Why coping skills are so important

RACHEL DOHERTY

Social worker, teacher and the founder of Tweens2teen

Coping skills are those things teenagers and children do when faced with a challenge. We all have them but some of us have better one or use them more often.

Have you ever had a friend who had a traumatic experience and lost a lot of weight in a short period of time or gained a lot? That’s because they have used one coping skill. Either eating or not eating, over and over again to cope with their feelings from that experience.

“Problems are not the problem. Coping is the problem.”

VIRGINIA SATIR

5 ways parents can help their children and teenagers cope with anxiety.

What are coping skills?

Coping skills are the temporary things we do to help us cope with stress or a challenge. Think about what your first response is to hearing bad news… Do you need to vacuum, eat chocolate, have a cigarette, get a cup of coffee, go for a walk or bake something?

We all have coping skills. Some people have more than others, and some people have more effective ones.

Children start with only a couple of coping skills. They’ll cry or throw a tantrum, and as they grow, they learn more and more. Part of adolescence is about refining the list of coping skills.

It’s about identifying the ones that work best for them and lead to outcomes they can live with. This is part of what we call building resilience, which you can read more about in my article on resilience.

When it comes to coping skills, it’s all about the quality of the skills, more than the quantity.

It doesn’t matter if someone only has one or two coping skills. But it does matter if those happen to be taking drugs or drinking large amounts of alcohol.

To help illustrate coping skills, meet Jarrod.

The story of Jarrod

Jarrod finds maintaining friendships draining; he’s an introvert. If he’s forced to spend too much time with other people, he can get overwhelmed and sometimes self-harms.

When Jarrod went on his last school camp he got agitated during a games night. It was full of lots of silly mini games to help everyone get to know one another and feel more comfortable. In response, Jarrod started yelling at the other kids and ran off to his dorm. Now he was in trouble with the teachers.

Jarrod’s main coping skill is seclusion. Creating some peace and quiet to process his thought and feelings. Introverts need time alone to recharge their batteries and find some inner peace to mix well with others. If you have someone like Jarrod in your home or work setting, it’s important to give them some alone time. Particularly during camps or family holidays where it’s not so easy for Jarrod to get be alone.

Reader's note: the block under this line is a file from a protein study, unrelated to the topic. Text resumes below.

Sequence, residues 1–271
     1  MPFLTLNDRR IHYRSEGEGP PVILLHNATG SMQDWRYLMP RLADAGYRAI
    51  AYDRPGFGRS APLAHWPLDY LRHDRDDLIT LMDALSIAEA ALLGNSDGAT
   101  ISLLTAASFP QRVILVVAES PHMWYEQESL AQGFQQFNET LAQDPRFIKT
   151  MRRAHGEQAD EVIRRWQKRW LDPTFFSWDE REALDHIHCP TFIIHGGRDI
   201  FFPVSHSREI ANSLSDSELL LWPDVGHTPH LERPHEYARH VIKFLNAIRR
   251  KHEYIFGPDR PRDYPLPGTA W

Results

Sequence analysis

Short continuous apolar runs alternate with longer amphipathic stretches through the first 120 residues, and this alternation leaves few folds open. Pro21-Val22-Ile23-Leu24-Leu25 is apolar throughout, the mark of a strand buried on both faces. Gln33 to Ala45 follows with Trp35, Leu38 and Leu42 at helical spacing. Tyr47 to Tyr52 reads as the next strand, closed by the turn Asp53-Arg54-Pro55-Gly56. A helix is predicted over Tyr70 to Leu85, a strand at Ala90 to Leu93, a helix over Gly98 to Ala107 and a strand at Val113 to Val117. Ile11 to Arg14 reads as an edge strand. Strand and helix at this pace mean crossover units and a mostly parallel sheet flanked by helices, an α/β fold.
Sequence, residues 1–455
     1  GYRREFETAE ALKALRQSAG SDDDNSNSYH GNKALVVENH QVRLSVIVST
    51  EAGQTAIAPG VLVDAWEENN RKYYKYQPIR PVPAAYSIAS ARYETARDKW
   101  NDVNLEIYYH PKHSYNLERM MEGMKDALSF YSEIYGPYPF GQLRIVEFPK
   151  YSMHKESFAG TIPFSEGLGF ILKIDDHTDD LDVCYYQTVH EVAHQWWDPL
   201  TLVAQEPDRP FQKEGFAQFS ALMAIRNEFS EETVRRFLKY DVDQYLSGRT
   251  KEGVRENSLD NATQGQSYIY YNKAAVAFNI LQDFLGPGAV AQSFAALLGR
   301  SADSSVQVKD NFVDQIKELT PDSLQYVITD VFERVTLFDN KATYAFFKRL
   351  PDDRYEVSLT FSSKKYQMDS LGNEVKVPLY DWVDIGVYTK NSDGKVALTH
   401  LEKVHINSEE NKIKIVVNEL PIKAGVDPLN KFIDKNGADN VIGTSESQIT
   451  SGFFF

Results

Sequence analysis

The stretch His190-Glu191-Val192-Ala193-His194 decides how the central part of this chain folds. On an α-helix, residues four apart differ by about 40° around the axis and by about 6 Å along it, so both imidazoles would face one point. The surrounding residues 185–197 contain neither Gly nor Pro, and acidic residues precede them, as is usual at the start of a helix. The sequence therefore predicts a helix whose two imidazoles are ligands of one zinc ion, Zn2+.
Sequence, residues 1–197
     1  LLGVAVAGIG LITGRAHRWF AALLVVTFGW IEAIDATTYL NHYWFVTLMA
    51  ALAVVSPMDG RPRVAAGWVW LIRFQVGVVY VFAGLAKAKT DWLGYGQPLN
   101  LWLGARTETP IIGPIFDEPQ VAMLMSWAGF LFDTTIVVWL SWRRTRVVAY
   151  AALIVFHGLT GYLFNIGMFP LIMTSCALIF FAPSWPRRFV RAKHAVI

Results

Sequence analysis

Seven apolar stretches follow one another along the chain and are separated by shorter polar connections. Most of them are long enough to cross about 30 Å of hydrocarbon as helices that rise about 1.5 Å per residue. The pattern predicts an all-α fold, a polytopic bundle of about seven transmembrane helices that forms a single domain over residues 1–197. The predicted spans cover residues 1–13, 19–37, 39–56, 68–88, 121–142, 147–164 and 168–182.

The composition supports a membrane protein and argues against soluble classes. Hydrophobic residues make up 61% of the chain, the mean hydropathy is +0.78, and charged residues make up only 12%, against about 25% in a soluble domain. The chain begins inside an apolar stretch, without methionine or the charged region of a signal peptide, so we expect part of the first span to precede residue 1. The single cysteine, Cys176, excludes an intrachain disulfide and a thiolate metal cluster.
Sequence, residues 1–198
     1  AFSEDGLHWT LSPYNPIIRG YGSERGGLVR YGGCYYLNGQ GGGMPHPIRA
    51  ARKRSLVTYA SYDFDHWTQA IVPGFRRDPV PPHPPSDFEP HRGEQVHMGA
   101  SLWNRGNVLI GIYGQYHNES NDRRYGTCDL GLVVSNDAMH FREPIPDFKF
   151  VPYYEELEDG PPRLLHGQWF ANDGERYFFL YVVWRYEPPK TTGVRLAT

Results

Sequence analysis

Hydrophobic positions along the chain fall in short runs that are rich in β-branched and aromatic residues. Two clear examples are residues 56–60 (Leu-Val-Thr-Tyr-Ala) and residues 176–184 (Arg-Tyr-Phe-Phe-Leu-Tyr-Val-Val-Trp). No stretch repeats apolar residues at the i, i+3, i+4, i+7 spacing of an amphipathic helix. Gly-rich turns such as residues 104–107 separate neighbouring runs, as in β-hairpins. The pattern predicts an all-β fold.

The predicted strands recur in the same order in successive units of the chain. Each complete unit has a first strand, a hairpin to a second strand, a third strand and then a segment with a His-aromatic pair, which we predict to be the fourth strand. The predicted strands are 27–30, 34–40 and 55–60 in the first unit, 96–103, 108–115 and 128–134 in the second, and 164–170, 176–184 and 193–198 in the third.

“Obstacles… are developmentally necessary: they teach kids strategy, patience, critical thinking, resilience and resourcefulness.” – Naomi Wolf

Helping young people develop healthy coping skills

You should be able to spot a coping skill a mile away now. By thinking about the outcome, you’ll also be able to identify whether it’s an effective one or not.

Jarrod’s coping skill isn’t a bad one, but he needs some others if he’s going to cope well in social situations. How do you do this?

First of all, it’s no use telling Jarrod that he’s chosen the wrong way to cope with this situation. He’s reached a point that has triggered his “flight” or “fight” self-protection mechanism.

Giving him some time to calm down on his own isn’t a bad thing. Pass him a box of tissues and tell him you’ll give him a bit of alone time so he knows you get his coping skill.

Then you need to have that chat. Get him to “rewind the tape” back to when he first started feeling overwhelmed. Was it during the games or earlier in the day?

What feelings and thoughts was he experiencing? What signs was his body giving him to tell him he was feeling stressed?

Then get him to brainstorm what he could have done at that point to help him feel more in control. Work your way through the day, identifying stress points and alternative options. Go through each activity, right up to the evening games when he lost control.

Often you can see a pattern of coping skills that would have worked at all the trigger points. In Jarrod’s case these could have been asking for some alone time or talking to one of the teachers.

Look at how things might have happened if he’d done that, and how different his feelings would have been now. Then talk about what tomorrow looks like and what triggers might be in that day that he needs to prepare for.

Talk about what the rest of the night looks like for Jarrod, and what consequences he’ll have to face for his behaviour. It’s important to make sure that there are some fair consequences, so that he learns that the way he coped wasn’t a good choice.

It might just be that he has to apologise to the people he yelled at. Or he may need to talk to the principal when he gets back to school. Keep the consequences related to the mistake and reinforce better coping skills.

In my article on anxiety I looked at five ways you can help kids cope with stressful situations. For some ideas about the range of coping skills, have a look at these websites:

What other coping skills have you seen work for a teen or tween? I’d love you to share your ideas in the comments.

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